Companies should not rely only on the services provided by external credit rating agencies like S&P because these agencies are not infallible, especially in the light of what happened with the worldwide financial crisis in 2008, when the rating system objectivity of these agencies was seriously questioned.
Moreover, a counterparty may not have any published credit rating, and other methods to undertake its credit assessment should be used, as follows:
a credit analysis
this could be obtained by the client’s bank, in the form of a credit report, though, for the same reasons as the ones above, companies should not rely on that solely, as banks tend to protect their customers. Instead, companies should investigate the counterparty’s trade credit by looking at the balance sheet and income statement, which are published accounts and accessible to anyone, together with a financial ratio analysis (interest cover, earnings per share, return on capital, etc..)
a detailed credit research
this could be based on companies’ own internal rating systems taking into consideration hard information about creditworthiness and soft information (e.g. senior management quality assessment) as well as historical data (e.g. an assessment of the past experience of the counterparty and similar organisations in the same sector, with a prediction of the likelihood of the counterparty’s credit losses). Companies should also consider whether the counterparty might receive government’s support in case of default, how diversified their income streams are, whether they have access to financial markets funds, which credit support obligations the counterparty has towards their subsidiaries.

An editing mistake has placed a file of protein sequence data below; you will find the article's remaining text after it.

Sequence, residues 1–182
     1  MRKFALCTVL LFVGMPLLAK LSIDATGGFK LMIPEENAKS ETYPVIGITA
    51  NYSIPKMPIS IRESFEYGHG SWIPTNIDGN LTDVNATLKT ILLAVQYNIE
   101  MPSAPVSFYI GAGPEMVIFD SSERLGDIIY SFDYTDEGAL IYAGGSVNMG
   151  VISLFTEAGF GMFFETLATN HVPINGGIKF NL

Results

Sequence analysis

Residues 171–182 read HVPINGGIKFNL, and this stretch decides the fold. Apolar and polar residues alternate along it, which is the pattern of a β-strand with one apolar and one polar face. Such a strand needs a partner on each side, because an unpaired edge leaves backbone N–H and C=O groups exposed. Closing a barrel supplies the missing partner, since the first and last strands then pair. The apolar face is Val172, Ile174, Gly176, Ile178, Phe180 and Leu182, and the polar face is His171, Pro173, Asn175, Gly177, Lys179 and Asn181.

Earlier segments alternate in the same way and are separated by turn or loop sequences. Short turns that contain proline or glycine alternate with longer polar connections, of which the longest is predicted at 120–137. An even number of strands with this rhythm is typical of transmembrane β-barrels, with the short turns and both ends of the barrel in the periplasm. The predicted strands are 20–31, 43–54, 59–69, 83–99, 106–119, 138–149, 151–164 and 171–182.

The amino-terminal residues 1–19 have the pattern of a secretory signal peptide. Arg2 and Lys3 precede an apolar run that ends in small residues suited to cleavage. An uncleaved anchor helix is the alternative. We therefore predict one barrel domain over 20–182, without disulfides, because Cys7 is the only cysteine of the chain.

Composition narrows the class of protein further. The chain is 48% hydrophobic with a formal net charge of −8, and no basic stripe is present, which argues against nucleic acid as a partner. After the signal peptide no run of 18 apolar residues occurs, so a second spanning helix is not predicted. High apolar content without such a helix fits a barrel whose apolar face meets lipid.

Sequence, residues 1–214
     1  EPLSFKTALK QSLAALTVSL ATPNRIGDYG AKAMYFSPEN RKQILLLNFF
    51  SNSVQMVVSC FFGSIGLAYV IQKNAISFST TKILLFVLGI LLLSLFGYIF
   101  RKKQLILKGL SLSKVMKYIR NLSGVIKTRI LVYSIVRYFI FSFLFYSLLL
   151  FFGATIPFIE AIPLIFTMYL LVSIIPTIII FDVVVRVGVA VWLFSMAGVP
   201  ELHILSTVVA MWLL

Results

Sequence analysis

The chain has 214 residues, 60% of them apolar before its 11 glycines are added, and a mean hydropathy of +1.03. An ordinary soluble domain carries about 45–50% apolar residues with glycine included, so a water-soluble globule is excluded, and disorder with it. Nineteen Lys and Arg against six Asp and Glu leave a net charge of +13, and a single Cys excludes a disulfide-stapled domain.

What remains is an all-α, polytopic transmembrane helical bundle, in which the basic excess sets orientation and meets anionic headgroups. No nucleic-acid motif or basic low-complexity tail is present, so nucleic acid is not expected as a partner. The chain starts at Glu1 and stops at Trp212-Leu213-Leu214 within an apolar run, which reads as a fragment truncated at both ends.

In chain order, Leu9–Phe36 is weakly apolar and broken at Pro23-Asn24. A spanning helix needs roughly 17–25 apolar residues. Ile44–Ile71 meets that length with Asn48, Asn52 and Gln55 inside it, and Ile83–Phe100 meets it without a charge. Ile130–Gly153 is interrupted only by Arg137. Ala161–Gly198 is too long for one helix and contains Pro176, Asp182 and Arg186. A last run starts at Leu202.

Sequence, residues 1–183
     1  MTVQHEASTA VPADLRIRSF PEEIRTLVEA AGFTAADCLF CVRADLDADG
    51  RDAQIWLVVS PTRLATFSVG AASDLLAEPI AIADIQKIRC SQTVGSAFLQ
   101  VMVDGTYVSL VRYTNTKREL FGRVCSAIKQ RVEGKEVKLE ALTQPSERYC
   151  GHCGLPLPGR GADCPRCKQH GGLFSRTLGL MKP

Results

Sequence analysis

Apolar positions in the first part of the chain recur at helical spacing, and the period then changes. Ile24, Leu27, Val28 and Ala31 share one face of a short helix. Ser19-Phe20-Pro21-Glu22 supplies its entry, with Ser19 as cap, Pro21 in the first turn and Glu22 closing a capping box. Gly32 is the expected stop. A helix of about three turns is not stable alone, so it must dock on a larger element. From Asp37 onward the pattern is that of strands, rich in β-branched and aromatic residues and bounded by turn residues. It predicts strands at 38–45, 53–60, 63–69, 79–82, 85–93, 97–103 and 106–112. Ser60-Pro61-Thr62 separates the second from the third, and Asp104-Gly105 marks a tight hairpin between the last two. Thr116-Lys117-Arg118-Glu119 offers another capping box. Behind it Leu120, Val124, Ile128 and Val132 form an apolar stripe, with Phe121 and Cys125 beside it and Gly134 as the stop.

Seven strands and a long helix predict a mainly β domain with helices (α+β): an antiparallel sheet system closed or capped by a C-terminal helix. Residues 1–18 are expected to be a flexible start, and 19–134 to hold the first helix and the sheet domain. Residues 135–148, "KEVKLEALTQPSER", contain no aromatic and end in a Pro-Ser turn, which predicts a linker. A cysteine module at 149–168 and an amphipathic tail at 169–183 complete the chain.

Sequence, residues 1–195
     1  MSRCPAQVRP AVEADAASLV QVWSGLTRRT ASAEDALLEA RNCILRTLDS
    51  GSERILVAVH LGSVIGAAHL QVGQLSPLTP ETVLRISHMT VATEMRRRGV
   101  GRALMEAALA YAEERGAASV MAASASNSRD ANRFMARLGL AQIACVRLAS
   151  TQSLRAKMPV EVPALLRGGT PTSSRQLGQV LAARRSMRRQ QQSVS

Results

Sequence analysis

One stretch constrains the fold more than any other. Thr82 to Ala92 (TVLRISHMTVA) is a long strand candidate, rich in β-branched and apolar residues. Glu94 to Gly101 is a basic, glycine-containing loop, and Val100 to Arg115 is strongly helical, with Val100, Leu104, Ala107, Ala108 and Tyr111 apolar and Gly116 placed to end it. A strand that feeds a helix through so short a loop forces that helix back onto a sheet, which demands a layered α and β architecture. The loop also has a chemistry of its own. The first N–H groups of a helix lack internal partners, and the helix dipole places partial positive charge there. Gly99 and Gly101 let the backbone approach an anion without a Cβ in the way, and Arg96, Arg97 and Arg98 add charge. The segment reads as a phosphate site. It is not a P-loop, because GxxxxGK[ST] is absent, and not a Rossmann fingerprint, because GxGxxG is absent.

However, once the credit assessment has been done, it is still challenging for companies to determine the size of the counterparty’s credit line, which may be also affected by negotiations with the counterparty as well as by the companies’ capacity and appetite for risk.